THE Aeneid is eminently, and perhaps more than any other single work of the Graeco-Latin world, a classic in the full sense that can be attached to that word. This statement is not meant either to put Virgil in some way into competition with other Latin authors, or to put the Latin classics in some way into competition with the classics of Greece. In such matters there is no question of competition.
This is well understood as regards any rivalry between Greek and Latin; it is indeed implied throughout when we speak, as we all traditionally and quite rightly do, of Greek and Latin authors conjointly under the common name of the Classics. Greece and Rome represent two forces, two different streams of tendency and bodies of achievement which are nevertheless indissoluble, which flow together, intermingle and reinforce each other to fill the sources from which succeeding ages have drawn. But of the two, Rome is the closer to us, the more directly in the line of ascent. Modern life owes its highest ideals, directly or indirectly, to the inspiration of Greece; it owes its whole structure and existence to the creation of Rome. And so also with the two languages; for while Greek is a language of unequalled beauty, flexibility, and strangeness, Latin is, to us and to all the inheritors of the Latin civilisation, a second mother tongue.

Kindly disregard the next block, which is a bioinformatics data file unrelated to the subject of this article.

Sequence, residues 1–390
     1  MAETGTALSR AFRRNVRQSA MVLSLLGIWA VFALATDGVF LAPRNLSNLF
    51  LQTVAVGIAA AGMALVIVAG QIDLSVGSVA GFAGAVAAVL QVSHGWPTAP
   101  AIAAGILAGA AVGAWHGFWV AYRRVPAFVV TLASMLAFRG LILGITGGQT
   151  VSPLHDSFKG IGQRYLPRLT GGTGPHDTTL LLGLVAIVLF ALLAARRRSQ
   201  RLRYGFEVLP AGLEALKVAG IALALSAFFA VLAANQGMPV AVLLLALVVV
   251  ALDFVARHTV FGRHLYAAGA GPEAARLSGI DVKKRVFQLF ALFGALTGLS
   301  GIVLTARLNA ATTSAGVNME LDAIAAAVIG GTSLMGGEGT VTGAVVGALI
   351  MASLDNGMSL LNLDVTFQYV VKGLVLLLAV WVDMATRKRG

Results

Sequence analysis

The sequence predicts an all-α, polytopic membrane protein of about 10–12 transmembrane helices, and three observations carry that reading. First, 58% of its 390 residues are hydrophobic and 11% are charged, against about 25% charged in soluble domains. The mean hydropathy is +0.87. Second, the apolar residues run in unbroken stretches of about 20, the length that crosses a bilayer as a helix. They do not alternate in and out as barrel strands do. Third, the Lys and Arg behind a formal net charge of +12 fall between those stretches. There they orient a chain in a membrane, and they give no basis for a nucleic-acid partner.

Of that Latin literature through which the life and